In FIG. 1, steps 10, 12, 14, 50 51 53 and 55 generally describe our fuzzy logic technique. The addition of steps 70, 72 74 and 76 to FIG. 1 results in a depiction of the iterative process by which the technique was developed. During the development process, we created and experimented with numerous factors, such as: input variables, membership function shapes, membership function ranges, methods of membership rule application, fuzzy rules, and defuzzification techniques. In step 70, the images tested by the fuzzy logic technique are also empirically tested, using human subjects. In step 72, the results of empirical testing are compared to the results of a given iteration of the fuzzy logic technique. Step 74 is the decision to stop the technique's development when the technique's results are sufficiently close to empirical results. We deemed a correlation factor in the 0.9 range to be sufficient to consider our method practical useful. If the technique's results are not sufficiently close, then the next step is step 76, wherein the aforementioned factors are varied and the technique is tried again.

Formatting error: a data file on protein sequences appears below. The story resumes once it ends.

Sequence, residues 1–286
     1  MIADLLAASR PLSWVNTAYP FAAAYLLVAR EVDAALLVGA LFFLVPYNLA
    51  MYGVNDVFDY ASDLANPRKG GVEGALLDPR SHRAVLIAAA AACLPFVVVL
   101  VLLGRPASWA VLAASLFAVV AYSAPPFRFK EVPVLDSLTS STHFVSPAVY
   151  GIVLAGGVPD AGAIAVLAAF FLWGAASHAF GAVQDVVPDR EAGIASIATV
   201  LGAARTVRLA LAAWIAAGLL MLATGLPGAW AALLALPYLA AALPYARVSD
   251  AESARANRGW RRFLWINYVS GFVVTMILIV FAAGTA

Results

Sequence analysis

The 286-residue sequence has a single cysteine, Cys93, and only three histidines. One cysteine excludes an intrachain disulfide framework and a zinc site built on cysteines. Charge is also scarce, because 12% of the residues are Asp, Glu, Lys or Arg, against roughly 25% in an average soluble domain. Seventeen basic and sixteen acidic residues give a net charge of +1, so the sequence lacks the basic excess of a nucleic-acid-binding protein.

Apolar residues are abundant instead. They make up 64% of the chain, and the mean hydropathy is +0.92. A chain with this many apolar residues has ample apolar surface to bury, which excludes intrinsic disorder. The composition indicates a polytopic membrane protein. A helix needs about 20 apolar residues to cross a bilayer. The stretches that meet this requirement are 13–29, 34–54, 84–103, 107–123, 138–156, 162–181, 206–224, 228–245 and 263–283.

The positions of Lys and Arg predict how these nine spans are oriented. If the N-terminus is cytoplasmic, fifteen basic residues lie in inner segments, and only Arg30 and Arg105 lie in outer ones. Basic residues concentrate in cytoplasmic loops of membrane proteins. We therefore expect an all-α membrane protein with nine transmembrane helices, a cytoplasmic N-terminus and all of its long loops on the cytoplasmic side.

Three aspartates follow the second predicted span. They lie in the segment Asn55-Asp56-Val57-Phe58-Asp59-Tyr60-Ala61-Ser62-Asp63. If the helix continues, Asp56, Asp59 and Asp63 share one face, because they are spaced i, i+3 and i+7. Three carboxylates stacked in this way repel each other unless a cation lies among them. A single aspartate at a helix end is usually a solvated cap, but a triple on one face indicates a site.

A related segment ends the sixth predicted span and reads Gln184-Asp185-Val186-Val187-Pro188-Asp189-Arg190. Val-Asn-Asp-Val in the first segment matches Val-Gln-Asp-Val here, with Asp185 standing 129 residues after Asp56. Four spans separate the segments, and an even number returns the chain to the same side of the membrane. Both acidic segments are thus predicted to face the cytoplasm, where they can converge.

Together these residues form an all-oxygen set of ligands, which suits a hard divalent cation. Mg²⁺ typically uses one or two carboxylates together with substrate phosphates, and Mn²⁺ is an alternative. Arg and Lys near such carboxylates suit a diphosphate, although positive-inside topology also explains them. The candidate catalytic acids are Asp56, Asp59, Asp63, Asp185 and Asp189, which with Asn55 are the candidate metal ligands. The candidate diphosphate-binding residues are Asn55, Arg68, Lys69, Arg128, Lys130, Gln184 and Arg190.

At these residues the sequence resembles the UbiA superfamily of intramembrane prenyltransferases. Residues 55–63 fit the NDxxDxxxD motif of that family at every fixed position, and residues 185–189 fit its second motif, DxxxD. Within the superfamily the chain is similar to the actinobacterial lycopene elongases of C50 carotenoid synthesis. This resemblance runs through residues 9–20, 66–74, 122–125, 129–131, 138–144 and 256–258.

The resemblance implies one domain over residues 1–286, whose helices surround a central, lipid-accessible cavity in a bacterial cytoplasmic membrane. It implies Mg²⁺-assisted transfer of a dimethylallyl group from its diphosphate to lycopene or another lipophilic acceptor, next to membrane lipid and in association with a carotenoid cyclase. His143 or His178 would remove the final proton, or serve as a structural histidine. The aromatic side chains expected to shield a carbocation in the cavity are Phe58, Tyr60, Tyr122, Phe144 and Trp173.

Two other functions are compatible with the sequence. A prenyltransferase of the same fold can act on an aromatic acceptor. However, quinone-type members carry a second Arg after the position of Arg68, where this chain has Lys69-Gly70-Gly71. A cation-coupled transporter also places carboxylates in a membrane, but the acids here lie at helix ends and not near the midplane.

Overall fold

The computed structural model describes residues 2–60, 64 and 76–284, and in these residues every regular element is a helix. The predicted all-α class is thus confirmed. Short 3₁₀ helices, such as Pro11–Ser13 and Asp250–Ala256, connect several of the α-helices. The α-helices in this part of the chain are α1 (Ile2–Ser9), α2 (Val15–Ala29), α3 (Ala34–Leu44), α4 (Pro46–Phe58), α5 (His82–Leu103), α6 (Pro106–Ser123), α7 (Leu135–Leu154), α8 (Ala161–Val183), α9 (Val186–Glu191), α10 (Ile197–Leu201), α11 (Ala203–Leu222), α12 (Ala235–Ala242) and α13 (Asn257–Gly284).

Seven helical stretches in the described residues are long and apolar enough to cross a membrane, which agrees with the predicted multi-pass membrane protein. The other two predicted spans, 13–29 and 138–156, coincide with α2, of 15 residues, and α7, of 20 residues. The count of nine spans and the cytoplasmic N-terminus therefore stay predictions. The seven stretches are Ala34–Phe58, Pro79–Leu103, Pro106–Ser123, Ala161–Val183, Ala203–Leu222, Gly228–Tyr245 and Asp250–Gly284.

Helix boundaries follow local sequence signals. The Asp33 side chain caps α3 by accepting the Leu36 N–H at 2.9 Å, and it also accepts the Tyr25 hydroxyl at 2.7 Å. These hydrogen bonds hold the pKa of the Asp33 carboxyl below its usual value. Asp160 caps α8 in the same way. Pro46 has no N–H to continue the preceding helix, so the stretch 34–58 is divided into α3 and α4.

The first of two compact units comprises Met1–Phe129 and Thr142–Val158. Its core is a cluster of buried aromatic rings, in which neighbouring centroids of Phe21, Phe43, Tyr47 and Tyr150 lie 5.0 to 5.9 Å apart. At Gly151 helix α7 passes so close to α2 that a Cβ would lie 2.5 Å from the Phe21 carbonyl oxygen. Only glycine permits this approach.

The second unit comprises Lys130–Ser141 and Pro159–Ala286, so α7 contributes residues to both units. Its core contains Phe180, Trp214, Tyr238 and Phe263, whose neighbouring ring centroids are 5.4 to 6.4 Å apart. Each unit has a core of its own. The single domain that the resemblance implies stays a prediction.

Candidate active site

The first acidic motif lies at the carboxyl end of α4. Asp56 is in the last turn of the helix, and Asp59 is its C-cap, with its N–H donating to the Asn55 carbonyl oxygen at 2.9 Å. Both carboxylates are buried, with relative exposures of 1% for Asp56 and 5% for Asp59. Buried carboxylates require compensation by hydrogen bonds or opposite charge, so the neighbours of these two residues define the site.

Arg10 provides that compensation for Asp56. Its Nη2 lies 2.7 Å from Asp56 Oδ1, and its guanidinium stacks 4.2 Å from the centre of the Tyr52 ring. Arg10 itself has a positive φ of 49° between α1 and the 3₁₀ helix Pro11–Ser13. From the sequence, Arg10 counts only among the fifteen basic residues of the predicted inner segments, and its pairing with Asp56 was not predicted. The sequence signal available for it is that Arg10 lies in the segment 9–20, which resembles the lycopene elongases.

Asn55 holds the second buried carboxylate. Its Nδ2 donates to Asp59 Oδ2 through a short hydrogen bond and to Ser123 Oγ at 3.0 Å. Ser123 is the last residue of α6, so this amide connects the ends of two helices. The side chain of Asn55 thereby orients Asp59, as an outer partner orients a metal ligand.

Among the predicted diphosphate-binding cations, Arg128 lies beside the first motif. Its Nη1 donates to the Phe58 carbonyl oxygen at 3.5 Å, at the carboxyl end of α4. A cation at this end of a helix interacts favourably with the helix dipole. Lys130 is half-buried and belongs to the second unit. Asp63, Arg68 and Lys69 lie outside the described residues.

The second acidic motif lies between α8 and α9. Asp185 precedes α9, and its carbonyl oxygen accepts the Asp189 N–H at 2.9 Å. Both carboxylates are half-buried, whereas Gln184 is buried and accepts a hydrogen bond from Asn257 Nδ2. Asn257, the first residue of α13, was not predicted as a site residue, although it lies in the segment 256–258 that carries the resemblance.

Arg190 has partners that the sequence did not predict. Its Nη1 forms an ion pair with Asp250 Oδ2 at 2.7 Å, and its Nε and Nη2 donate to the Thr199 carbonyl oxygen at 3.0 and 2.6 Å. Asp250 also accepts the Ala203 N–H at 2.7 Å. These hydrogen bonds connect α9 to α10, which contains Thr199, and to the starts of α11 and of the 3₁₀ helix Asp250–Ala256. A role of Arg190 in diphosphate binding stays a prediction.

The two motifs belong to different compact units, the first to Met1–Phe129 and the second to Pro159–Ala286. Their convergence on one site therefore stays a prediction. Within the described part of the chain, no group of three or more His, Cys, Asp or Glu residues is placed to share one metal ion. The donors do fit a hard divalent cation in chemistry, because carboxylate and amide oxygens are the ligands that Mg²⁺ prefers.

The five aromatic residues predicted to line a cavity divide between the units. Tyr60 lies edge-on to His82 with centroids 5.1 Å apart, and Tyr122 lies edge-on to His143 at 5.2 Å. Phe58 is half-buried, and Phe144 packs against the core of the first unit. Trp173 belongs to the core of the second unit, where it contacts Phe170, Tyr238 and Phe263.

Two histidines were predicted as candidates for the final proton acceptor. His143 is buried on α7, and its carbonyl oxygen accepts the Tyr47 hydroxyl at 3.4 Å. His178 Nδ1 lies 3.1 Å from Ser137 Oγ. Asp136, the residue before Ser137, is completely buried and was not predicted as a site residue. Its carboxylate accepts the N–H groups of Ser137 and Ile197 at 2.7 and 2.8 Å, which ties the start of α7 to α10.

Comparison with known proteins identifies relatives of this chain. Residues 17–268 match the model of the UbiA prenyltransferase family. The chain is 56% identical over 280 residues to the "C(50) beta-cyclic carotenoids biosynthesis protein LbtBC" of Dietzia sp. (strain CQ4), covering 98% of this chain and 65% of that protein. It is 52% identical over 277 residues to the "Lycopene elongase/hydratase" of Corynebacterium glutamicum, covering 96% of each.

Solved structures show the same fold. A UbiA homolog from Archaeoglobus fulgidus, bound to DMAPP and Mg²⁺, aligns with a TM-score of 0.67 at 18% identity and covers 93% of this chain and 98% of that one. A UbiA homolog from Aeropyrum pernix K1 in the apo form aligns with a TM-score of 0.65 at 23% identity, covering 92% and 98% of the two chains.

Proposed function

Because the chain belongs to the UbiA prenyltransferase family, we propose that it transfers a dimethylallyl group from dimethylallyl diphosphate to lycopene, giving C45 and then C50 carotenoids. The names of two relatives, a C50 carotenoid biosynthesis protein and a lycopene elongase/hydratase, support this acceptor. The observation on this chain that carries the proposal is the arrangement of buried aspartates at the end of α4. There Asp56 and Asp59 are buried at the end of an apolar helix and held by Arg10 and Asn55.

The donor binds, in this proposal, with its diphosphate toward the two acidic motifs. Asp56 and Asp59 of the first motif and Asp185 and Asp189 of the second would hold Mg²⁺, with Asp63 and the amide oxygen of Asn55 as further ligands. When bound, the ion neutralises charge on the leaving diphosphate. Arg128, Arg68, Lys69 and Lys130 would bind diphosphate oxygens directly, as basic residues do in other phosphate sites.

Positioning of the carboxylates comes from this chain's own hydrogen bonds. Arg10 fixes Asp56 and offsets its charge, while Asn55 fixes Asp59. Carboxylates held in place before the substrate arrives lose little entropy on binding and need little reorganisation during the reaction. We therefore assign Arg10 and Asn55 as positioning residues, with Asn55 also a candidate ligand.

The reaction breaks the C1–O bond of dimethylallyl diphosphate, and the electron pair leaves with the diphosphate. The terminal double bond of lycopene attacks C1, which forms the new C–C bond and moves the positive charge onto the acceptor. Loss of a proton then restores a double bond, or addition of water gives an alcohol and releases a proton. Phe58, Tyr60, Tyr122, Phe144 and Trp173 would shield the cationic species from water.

Although we deemed our method as described thus far to be practical, we have continued attempts to refine it further. One such attempt is the addition of another input variable, which is the number wavelet edge points in a scene as computed by filtering the scene via wavelet transform functions. In conjunction with the wavelet edge point variable, it is important to note that the image size is held constant so that the height, width and number of pixels for each scene is constant. We believe that using the new input variable may improve the results of our method and we describe that variable and its use now. A discussion of the use of wavelets or wavelet transform filtering is found in the Meitzler doctoral thesis referenced in the Background portion of this specification.

FIG. 12 is a proportionally correct graph of the set of membership functions mf1 i, mf2 i and mf3 i associated with the new input variable, which is termed “edge points” in that Figure. The membership functions in FIG. 12 have the same common characteristics as the membership function for the other input variables. Likewise, FIG. 12 utilizes the same vertical scale 8 as do FIGS. 2 through 9. The horizontal scale 6 k has a range from 100 to 2000 edge points. FIG. 13 shows a modified set of output variable membership functions (mf1 j through mf7 j) for the output variable, “Search-Time.” FIG. 13 is the essentially the same as FIG. 9, but the nonzero portions of the membership functions in the respective figures have somewhat different ranges and the intersections between membership functions occur at different locations. FIG. 15 is a table showing the modified set of fuzzy rules that apply when the edge point variable is included in our method.